The final grain I am highlighting in my basic grains series is amaranth. If you are new to baking and cooking with alternative grains you may have never even heard of it.
Amaranth is one of my favorite grains for baking. I grind the whole grain to make fresh flour. Then I usually use it for about half of my flour mixture.
Not only is amaranth great as a flour, it can also be used as the whole grain. It cooks very similarly to oats and can be used as an oatmeal substitute.
Amaranth is also similar in texture to quinoa when it cooks. It can be used in place of quinoa in your favorite recipes. The grains are small and have a little bite to them. They remind me of really tiny grains of rice.
Serve amaranth as a breakfast porridge, a warm side cooked in broth, in place of noodles or even in a cold salad. Warm it with milk and maple syrup for a rice pudding type dessert.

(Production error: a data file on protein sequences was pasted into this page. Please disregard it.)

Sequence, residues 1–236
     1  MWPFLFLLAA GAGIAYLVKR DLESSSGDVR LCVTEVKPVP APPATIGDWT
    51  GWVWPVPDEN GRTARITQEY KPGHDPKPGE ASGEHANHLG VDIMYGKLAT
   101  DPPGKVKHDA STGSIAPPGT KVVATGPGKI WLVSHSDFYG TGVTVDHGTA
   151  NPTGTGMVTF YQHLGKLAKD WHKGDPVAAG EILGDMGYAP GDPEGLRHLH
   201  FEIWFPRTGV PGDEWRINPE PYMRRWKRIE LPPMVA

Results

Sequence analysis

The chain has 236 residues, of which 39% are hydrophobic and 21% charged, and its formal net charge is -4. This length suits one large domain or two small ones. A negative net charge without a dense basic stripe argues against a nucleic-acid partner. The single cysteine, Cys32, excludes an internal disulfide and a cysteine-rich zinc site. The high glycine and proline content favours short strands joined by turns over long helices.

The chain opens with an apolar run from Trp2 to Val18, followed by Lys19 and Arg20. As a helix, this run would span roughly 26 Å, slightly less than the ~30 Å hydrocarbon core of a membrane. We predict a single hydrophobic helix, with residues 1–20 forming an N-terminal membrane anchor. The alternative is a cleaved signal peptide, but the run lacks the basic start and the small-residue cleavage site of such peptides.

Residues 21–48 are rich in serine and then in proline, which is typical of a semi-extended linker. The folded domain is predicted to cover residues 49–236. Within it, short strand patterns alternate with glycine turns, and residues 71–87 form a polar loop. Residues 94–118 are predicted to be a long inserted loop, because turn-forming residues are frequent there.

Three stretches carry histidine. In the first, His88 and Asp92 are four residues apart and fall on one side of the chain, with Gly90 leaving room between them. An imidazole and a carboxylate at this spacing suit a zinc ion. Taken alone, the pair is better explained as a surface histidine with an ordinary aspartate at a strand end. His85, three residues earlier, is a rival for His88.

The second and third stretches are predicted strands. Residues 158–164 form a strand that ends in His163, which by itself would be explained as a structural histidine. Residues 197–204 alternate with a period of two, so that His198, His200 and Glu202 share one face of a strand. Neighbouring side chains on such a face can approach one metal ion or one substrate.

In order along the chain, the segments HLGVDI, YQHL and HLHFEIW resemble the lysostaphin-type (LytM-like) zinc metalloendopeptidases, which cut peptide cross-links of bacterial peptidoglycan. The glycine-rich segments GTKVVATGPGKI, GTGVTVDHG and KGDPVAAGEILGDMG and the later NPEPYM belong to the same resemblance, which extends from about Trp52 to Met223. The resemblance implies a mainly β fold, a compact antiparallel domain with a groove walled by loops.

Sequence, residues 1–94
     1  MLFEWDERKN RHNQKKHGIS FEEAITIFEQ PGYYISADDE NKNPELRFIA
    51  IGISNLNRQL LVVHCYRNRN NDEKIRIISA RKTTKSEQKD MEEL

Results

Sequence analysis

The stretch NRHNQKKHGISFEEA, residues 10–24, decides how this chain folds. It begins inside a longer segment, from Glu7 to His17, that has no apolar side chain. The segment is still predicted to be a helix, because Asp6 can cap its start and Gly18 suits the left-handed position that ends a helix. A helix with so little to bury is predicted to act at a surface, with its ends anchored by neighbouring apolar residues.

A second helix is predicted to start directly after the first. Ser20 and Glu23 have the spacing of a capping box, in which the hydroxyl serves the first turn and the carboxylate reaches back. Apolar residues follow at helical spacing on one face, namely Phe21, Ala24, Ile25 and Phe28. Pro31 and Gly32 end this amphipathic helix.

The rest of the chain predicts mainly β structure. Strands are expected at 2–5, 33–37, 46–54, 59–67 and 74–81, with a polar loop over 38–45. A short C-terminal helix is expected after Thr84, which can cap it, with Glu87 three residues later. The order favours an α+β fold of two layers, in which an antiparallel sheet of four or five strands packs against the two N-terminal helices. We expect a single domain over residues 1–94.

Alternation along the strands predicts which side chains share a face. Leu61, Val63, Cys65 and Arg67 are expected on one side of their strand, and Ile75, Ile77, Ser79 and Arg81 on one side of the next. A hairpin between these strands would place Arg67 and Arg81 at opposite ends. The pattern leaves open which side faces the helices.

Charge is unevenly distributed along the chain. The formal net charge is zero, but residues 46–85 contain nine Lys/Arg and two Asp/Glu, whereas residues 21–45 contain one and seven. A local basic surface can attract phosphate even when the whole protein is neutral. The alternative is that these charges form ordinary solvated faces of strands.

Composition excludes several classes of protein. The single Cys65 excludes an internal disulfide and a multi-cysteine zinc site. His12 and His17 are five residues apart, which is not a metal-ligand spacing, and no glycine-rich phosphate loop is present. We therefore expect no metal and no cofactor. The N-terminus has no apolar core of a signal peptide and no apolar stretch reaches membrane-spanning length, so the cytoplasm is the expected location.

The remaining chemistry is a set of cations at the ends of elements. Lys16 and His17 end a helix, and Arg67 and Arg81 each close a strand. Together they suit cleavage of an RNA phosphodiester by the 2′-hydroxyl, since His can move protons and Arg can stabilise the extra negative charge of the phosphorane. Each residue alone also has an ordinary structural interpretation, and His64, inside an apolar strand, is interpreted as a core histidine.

Like other grains Amaranth must be soaked for 24 hours to eliminate most of the phytic acid content. Then it cooks quickly for easy use in your breakfast, lunch or dinner.
If you are like me and don’t tolerate grains in their whole state very well be sure to try a small amount of amaranth first to see if your body handles it. I just assumed I’d do well with whole grain amaranth since I use the flour with no problems all the time. But that was not the case.
If you are looking for more variety in your diet or need another gluten free alternative give amaranth a try.
- 1 cup whole amaranth
- 1 cup warm water
- 2 Tbsp. lemon juice, whey, kefir or yogurt
- 1 - 1 1/2 cups water or broth
- Combine the amaranth, warm water and lemon juice.
- Let sit for 7-24 hours (24 is best)
- Pour the soaked amaranth in a medium saucepan.
- Add one cup of water or broth.
- Bring to a boil and simmer until the liquid is absorbed/the grain is cooked - about 10 minutes.
- Add extra liquid if necessary.
- This can be served as a porridge (like oats) with honey, maple syrup, coconut sugar, cinnamon, butter, coconut oil, milk, yogurt, fruit, nuts and/or flax seeds.
- This can be a savory side dish (like rice) using broth and seasoning.